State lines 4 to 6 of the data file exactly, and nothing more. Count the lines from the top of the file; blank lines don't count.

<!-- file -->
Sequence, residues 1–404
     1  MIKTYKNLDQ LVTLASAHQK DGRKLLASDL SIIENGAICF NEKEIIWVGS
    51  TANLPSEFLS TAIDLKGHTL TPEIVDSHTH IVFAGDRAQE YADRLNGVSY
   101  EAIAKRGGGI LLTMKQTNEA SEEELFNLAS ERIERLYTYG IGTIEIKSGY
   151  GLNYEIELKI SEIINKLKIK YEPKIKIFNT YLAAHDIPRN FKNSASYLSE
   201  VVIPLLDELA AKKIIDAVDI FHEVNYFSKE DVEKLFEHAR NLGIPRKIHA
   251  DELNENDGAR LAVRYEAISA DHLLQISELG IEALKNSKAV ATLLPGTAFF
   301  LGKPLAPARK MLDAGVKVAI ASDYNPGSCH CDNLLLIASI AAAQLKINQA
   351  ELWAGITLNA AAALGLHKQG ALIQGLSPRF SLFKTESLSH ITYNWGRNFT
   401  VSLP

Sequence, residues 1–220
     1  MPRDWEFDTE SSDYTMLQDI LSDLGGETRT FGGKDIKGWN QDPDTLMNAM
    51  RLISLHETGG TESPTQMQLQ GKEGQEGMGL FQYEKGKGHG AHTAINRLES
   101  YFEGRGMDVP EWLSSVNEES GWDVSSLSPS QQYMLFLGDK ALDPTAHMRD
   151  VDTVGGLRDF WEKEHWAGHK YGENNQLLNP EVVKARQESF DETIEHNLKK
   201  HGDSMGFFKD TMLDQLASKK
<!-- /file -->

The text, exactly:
   101  EAIAKRGGGI LLTMKQTNEA SEEELFNLAS ERIERLYTYG IGTIEIKSGY
   151  GLNYEIELKI SEIINKLKIK YEPKIKIFNT YLAAHDIPRN FKNSASYLSE
   201  VVIPLLDELA AKKIIDAVDI FHEVNYFSKE DVEKLFEHAR NLGIPRKIHA